The recurrence rate for the SJ in treatment group 1 starts with λ 1=0.03 per year during the first time interval. After an estimated duration of t 1=1.74 years, the recurrence rate increases more than fourfold to λ 2=0.13 per year. At the estimated change point t 2=7.95, the recurrence rate once more increases tenfold to λ 3=1.38 per year.

The same trend holds for treatment group 2 but at a significantly lower recurrence rate of λ 2=0.07 in the long middle interval between change points t 1=1.74 and t 2=7.95. In the beginning, until change point t 1=1.74, the difference between the recurrence rates for the two treatment groups is insignificant. In other words, the two types of prosthesis seem to make no difference in protecting against loss of teeth during roughly the first 2 years. However, for the following 6 years, the protection is twice as good for prosthesis type 2.

From the estimated change point t 2=7.95 years, the recurrence rates of the two treatment groups converge again and both rates are relatively high. During this last phase, the patients under treatment 2 lose slightly more teeth than the patients under treatment 1, on average. On the one hand, this result for the short third interval has to be taken with caution since the number of patients at risk at these late observation times is rather small. On the other hand, several patients lose a considerable number of teeth at once in the third interval. One patient lost 12 teeth at once at time t=8.73 years under treatment 2. It seems as if with treatment 2, tooth loss is delayed for some 7–8 years, but then catches up. The small number of patients who contribute to the last interval, due either to dropout from the study or to earlier complete loss of teeth, is reflected in the rather wide confidence intervals of the estimates for the recurrence rates. The increasing censoring towards the end of the study is also reflected in the increasing variance of the mean ratio function (see Fig. 4).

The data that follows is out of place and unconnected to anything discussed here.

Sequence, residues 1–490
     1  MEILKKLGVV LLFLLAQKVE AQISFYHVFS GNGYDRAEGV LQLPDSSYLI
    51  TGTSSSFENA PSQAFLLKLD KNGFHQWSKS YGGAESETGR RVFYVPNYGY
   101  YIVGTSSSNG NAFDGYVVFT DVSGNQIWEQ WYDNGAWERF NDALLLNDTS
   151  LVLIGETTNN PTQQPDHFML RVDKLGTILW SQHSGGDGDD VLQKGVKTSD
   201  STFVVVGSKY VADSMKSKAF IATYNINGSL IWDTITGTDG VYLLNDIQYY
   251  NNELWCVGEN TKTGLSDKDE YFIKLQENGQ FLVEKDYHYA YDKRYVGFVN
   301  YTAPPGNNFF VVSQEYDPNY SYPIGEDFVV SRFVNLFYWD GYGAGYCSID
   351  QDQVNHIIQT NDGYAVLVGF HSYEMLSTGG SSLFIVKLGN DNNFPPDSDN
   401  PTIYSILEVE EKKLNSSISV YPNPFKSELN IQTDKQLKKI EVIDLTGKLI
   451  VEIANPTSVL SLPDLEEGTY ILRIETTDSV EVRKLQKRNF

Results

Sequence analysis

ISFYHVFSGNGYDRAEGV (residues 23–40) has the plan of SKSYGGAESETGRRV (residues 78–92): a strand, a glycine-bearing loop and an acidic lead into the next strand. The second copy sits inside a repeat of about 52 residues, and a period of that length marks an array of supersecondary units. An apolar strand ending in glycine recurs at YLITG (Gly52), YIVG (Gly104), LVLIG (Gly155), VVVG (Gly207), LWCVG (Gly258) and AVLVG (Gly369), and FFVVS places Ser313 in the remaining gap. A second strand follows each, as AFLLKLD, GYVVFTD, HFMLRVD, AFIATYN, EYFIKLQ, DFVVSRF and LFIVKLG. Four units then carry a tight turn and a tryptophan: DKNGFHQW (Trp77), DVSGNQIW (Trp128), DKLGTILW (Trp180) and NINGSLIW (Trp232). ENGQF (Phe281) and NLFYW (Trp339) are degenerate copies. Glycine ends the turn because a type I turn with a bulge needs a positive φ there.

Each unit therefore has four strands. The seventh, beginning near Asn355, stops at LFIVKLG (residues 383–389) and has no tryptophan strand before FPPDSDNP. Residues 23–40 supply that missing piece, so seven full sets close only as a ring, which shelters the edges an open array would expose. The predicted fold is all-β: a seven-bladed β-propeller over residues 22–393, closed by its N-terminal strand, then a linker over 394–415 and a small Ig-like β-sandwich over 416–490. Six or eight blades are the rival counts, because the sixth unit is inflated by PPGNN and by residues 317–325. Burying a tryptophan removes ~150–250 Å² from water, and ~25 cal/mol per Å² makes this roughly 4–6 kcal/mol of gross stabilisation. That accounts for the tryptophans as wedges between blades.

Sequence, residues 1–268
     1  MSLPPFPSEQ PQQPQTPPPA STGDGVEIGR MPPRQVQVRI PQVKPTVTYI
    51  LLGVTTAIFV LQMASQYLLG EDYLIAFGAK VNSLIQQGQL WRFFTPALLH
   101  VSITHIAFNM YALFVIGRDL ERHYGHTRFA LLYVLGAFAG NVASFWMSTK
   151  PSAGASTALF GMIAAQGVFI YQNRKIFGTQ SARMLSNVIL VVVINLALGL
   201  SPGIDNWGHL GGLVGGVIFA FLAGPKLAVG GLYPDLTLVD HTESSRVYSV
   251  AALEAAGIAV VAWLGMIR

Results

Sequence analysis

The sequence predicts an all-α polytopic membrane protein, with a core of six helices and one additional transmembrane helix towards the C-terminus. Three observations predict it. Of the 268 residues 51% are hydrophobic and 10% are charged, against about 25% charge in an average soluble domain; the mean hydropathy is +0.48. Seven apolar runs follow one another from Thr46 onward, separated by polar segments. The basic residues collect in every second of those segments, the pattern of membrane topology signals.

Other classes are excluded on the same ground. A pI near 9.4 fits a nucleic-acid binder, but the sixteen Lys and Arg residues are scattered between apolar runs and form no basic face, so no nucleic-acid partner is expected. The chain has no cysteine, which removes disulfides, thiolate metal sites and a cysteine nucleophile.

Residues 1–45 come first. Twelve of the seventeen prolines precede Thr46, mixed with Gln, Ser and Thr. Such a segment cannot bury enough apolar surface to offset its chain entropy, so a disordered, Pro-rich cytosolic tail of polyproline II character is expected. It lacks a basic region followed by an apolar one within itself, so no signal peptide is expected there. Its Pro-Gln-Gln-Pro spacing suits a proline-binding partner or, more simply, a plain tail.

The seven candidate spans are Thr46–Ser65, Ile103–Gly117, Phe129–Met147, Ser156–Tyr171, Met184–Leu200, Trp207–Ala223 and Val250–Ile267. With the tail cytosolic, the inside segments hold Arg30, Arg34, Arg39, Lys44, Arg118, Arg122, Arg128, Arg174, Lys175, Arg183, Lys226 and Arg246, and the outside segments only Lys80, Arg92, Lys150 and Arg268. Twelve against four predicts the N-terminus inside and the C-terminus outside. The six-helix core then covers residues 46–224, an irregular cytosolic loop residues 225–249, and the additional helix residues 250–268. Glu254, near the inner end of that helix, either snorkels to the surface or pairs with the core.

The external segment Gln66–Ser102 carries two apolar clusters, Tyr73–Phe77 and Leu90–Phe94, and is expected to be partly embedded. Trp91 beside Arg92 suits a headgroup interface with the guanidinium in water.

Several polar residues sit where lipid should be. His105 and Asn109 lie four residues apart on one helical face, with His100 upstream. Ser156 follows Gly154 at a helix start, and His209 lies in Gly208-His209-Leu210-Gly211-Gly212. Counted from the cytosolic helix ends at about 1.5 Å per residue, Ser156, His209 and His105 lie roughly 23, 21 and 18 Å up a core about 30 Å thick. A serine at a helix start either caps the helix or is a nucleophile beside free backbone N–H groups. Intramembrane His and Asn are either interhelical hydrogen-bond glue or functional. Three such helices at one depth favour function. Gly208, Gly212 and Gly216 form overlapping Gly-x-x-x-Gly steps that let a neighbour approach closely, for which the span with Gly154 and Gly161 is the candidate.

The largest instantaneous recurrence rate turns out to be λ 3=9.96 per year for the third interval of the treatment 2 group of the NSJ. Note, however, that this estimation is based on a multiple concurrent extraction event of one patient only. The recurrence rates for the SJ are smaller than those for the NSJ, which suggests that both treatments are able to decrease the recurrence rates for tooth loss. However, to conceive of the NSJs as a control group is questionable since the conditions of the SJ impinge on the conditions of the NSJ, as can be seen from the aligned estimations of the recurrence rates. In other words, the conditions of the NSJ follow the conditions of the SJ, albeit less pronounced. Thus, the comparison of the SJ with the NSJ should be taken as qualitative evidence. Due to this lack of strict comparability, we refrained from constraining the estimations of the change points to the same values for both jaws.